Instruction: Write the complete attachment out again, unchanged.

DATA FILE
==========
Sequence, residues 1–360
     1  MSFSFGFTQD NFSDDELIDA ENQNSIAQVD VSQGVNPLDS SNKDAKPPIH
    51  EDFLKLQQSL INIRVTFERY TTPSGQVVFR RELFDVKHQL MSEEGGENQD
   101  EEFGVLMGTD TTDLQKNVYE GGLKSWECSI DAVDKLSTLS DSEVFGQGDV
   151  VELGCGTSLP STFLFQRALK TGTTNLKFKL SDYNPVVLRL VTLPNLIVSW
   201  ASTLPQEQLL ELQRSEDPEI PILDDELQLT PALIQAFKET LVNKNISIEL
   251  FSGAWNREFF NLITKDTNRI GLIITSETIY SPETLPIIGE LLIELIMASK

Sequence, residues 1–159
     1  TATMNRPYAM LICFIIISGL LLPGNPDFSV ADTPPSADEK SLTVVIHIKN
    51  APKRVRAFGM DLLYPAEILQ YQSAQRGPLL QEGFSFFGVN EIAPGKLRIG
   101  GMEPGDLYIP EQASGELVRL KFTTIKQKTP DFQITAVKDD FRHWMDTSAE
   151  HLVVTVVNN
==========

Sequence, residues 1–360
     1  MSFSFGFTQD NFSDDELIDA ENQNSIAQVD VSQGVNPLDS SNKDAKPPIH
    51  EDFLKLQQSL INIRVTFERY TTPSGQVVFR RELFDVKHQL MSEEGGENQD
   101  EEFGVLMGTD TTDLQKNVYE GGLKSWECSI DAVDKLSTLS DSEVFGQGDV
   151  VELGCGTSLP STFLFQRALK TGTTNLKFKL SDYNPVVLRL VTLPNLIVSW
   201  ASTLPQEQLL ELQRSEDPEI PILDDELQLT PALIQAFKET LVNKNISIEL
   251  FSGAWNREFF NLITKDTNRI GLIITSETIY SPETLPIIGE LLIELIMASK

Sequence, residues 1–159
     1  TATMNRPYAM LICFIIISGL LLPGNPDFSV ADTPPSADEK SLTVVIHIKN
    51  APKRVRAFGM DLLYPAEILQ YQSAQRGPLL QEGFSFFGVN EIAPGKLRIG
   101  GMEPGDLYIP EQASGELVRL KFTTIKQKTP DFQITAVKDD FRHWMDTSAE
   151  HLVVTVVNN